WASHINGTON (Reuters) - U.S. President-elect Donald Trump’s nominee to be U.S. ambassador to the United Nations will blast the world body over its treatment of Israel at her Senate confirmation hearing, according to prepared testimony seen by Reuters on Tuesday.
“Nowhere has the UN’s failure been more consistent and more outrageous than in its bias against our close ally Israel,” Republican South Carolina Governor Nikki Haley said in the opening remarks for her appearance on Wednesday before the Senate Foreign Relations Committee.
“Any honest assessment also finds an institution that is often at odds with American national interests and American taxpayers,” the speech says.
In the remarks, Haley offered some praise for UN activities, such as health and food programs that have saved millions of lives, weapons monitoring and some peacekeeping missions, in something of a departure from Trump, who has disparaged the United Nations.
Other Trump national security nominees, notably his choices for Secretary of State, former Exxon Mobil Corp chairman Rex Tillerson, and Secretary of Defense, retired Marine General James Mattis, have also broken from the Republican president-elect in testimony before the Senate.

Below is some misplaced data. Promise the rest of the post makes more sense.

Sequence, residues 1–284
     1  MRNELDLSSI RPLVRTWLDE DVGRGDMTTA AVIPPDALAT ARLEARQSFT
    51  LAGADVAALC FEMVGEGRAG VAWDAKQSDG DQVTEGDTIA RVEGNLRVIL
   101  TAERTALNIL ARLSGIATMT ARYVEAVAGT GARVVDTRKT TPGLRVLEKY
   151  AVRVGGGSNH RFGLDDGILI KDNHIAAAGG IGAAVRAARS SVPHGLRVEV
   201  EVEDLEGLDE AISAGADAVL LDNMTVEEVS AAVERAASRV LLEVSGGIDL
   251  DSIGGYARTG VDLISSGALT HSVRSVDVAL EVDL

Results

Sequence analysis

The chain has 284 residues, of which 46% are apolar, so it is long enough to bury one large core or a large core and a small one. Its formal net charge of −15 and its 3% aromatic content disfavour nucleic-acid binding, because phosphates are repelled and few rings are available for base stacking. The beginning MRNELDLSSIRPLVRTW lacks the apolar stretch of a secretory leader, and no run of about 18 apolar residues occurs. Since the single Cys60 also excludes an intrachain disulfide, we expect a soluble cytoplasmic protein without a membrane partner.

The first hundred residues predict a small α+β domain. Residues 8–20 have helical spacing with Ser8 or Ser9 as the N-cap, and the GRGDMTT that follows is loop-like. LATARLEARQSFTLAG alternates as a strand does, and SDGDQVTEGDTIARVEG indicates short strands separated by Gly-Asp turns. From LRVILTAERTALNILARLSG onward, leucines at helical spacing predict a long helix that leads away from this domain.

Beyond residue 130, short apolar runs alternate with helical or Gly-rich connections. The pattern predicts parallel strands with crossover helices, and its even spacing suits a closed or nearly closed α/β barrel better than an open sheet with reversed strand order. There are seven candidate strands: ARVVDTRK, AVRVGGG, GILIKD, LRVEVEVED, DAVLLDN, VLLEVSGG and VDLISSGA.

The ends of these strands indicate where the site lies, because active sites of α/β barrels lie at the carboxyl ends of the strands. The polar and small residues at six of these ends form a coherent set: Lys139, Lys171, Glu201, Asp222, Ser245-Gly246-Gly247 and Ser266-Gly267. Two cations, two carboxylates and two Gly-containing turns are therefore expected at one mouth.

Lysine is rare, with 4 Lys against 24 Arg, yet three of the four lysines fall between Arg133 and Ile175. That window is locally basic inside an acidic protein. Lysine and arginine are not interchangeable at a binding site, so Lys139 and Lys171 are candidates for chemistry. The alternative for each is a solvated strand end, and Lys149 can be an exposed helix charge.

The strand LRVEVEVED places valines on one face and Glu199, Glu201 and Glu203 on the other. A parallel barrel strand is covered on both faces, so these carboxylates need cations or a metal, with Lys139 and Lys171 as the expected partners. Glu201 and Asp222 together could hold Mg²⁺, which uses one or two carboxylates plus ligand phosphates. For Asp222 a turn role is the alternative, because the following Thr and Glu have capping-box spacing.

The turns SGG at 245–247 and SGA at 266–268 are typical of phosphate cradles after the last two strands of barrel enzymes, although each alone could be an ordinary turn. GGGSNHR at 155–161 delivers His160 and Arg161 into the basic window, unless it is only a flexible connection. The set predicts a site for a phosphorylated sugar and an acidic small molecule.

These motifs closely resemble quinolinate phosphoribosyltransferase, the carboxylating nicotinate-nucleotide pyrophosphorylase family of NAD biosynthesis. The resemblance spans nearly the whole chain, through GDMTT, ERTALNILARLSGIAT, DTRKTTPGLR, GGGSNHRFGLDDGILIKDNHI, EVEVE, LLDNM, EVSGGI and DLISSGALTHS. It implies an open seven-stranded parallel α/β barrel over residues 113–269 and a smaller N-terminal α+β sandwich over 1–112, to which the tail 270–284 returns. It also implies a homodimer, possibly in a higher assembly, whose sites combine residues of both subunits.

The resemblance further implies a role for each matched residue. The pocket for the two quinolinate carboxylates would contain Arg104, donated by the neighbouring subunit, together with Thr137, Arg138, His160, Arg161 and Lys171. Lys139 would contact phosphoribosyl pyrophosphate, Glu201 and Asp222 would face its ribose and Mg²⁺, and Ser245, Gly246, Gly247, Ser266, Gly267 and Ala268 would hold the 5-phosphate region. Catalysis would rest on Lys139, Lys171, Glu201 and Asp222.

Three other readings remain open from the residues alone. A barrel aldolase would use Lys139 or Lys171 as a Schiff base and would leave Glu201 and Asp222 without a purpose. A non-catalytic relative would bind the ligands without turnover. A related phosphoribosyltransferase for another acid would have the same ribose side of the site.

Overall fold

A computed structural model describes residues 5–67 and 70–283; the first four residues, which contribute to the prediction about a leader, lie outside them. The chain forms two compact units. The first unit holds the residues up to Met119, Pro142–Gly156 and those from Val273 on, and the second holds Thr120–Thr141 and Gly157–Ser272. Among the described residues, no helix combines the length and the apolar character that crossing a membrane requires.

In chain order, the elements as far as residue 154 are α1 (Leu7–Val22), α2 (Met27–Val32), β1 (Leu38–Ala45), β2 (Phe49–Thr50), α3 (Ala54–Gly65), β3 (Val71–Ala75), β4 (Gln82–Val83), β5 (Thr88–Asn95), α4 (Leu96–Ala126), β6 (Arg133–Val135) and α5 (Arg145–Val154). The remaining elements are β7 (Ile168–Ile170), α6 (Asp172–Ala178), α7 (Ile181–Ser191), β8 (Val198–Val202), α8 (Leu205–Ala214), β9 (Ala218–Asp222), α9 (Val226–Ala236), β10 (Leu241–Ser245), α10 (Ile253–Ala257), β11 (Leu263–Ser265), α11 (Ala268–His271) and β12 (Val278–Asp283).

Noting that the United States contributes 22 percent of the UN budget, far more than any other country, Haley asked, “Are we getting what we pay for?” She promised to work with U.S. lawmakers to pursue what she described as “seriously needed change” at the United Nations.
Some Republican lawmakers, led by South Carolina Senator Lindsey Graham, have threatened to cut U.S. funding for the United Nations after the Security Council adopted a Dec. 23 resolution demanding an end to settlement building by Israel.
Graham will introduce Haley at her hearing.
Reporting by Patricia Zengerle; Editing by Peter Cooney and Lisa Shumaker
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